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Off-Broadway Review

'Ganesh Versus the Third Reich' Raises Disturbing Questions

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'Ganesh Versus the Third Reich' Raises Disturbing Questions
Photo Source: Jeff Busby

Raucous laughter and awkward silences fill the Public Theater’s Newman Theater during “Ganesh Versus the Third Reich,” a bizarrely compelling show from Australia’s Back to Back Theatre being presented as part of the Under the Radar festival. The guffaws are in reaction to the raw humor displayed by the unusual cast, which consists of five male actors, four of whom have varying degrees of mental disabilities. The performers frankly confront their condition with dark wit and incorporate their observations and emotions into the script. The uncomfortable silences are even more affecting as Dave, the director and the sole “normal” actor, looks directly at the audience and accuses us of attending the play because we want to see the “freaks.” It’s a disturbing moment, one of many in this unique theatrical experience.

The format breaks convention as well as the fourth wall. The main action of the play is the dreamlike journey of the elephant-headed Indian god Ganesh as he treks through Nazi Germany to retrieve the ancient Hindu symbol, the swastika, from Adolf Hitler. Alternating with fantastical scenes of the deity’s quest are debates among the cast on the nature of acting, theater, the blurring of reality and illusion, and the use of power and myth.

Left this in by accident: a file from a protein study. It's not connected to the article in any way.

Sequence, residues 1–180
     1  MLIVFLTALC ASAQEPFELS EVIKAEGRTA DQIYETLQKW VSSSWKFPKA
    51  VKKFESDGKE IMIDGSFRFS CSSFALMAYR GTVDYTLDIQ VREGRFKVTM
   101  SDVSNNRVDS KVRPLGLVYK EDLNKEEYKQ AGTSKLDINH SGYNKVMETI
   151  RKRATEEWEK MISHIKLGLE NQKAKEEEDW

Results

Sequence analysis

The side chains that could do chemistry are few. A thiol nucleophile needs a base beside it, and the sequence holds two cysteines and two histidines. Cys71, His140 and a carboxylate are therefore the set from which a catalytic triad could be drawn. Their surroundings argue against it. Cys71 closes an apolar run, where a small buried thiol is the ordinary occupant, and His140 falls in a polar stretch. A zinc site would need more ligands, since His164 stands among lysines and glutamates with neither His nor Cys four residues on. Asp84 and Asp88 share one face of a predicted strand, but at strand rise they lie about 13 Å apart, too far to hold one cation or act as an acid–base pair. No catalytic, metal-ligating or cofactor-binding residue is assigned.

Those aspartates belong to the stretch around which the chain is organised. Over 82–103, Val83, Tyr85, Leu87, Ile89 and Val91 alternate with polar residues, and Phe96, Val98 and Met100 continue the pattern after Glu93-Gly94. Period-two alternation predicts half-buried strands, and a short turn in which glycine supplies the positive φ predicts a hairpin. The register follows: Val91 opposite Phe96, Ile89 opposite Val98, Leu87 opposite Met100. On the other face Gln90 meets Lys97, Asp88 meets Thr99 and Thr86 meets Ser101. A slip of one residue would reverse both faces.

Dave pushes emotionally closed-off Brian, who wrote the play and portrays Ganesh, to tap into his feelings, while persnickety Scott complains about everything from the way he must pretend to die when his character is shot to the potentially offensive use of Holocaust images in Brian’s script. Occasionally, these “real” sequences go on a bit too long, but they effectively and hauntingly comment on the Ganesh vignettes, such as the horrifying moment when the half-animal Ganesh is examined by the sadistic Dr. Mengele (played by Dave), who explains that he is fascinated by “abnormalities.” When we realize he could be talking about the other members of the company, it’s bone-chilling.

Bruce Gladwin, who is credited as director, devisor, and designer, provides smooth transitions between the two realities, with the aid of Andrew Livingston and Bluebottle’s painterly lighting. Luke Ryan, as Dave, carefully balances compassion for his disabled cast mates with frustration and rage at them. The four mentally challenged actors— Mark Deans, Simon Laherty, Scott Price, and Brian Tilley—fill their roles with warmth, humor, and a refreshing lack of self-consciousness.

“Ganesh” is hard to look at and raises many disturbing questions, but that’s what challenging theater is supposed to do.

Presented by and at the Public Theater as part of Under the Radar, 425 Lafayette St., NYC. Jan. 9–14. (212) 967-7555 or www.publictheater.org.

Critic’s Grade: A

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